My Dear Yakutia
My revised submission for assignment four can be read below or viewed as a PDF here.
The image is one from an on-going series entitled My Dear Yakutia by photographer Alexey Vasilyev, who describes the series as a photographic ‘love letter’ to Yakutia (officially The Sakha Republic of the Russian Federation) looking at the impact environmental factors have on its inhabitants. According to Vasilyev’s website his work [… focuses on the daily life of people in the far North and their national identity in the global world] (Vasilyev, 2019).
Yakutia is Russia’s largest geographical republic and has some claims to national status as the region was originally delineated based on the area inhabited by the Yakut people. The question of national identity is not a new one for the region with Sergen Ardiakap, a high ranking official, presenting his Plan on Yakut People to Tsarina Catherine II in 1770. More recently the fall of Communism in 1989 lead to demographic changes in the region, resulting in an increase in the proportion of the native Yakut population and a decline in the proportion of ethnic Russians. As a result, Sakha nationalism and national identity are undergoing something of a resurgence.
It is necessary to define the term national identity in order to distinguish it from nationalism and national stereotypes. Writing in 2002 Dr Tim Edensor, Reader in Cultural Geography at Manchester Metropolitan University stated ‘…identity is believed to be primarily anchored in the national space. Partly, then, the space in which culture and everyday life operates is conceived to be indisputably the nation…’ (P1). The key elements in this definition are anchored in the national space and everyday life operates. This idea, that national identity is derived from the day-to-day experiences of people in a nation as opposed to an exceptional event that may draw worldwide attention; or alternatively, experiences that are essentially local, that would not be recognised by most of the population.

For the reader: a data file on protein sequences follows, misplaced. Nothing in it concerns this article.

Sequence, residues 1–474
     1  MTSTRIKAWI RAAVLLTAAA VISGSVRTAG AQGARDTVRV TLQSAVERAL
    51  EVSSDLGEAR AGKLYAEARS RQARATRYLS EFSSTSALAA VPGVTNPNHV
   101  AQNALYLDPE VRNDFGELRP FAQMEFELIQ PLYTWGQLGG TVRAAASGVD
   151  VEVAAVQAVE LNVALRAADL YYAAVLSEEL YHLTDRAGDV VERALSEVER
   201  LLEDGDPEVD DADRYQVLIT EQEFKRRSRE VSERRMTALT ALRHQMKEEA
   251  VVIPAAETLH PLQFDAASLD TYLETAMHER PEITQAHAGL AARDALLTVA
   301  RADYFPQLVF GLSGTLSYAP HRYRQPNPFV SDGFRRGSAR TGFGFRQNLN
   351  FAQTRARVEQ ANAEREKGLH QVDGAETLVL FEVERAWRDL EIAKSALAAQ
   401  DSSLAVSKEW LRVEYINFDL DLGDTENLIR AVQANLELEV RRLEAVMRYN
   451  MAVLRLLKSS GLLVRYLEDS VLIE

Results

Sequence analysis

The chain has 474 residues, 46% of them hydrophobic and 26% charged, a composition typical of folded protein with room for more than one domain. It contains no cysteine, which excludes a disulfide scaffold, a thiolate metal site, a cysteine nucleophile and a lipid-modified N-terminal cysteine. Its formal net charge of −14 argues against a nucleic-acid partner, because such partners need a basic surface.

The photograph is clearly an image from everyday life, however, what is not obvious is how it conveys information that relates uniquely to the national identity of Yakutia. In order to understand why this image represents Yakutia’s national identity it is necessary to look at the context of the image and most notably the title of the series, My Dear Yakutia. The title explicitly references the national space, and so by exploring the narrative of the image and placing it in the context of the overall series, the photograph communicates information about the national identity of the people of Yakutia.
In thinking about the UK this may mean that, from an external perspective national identity might be represented by red London buses or black cabs, however, from the point of view of someone living in the UK, the NHS might be a more universal element of national identity as it is a service which virtually all the population will have experienced at some time but is not well known or utilised by those outside the UK. The fact that a photographer from Yakutia, who is creating a series about the region, in part focusing on national identity, selected this image signifies that to him the picture represents elements of national identity. Denoted in the image are three broad elements, commerce, environment and social interaction. These can be connoted as representing the abundance of food in the region; the cold, harsh climate; and the stoicism of the inhabitants. These elements in turn can be interpreted by the viewer as representing features of national identity that the photographer sought to communicate.
It is worth noting that whilst the image does represent some facets of national identity it is not intended to do so on its own and that a more comprehensive picture of national identity is communicated by viewing the complete series.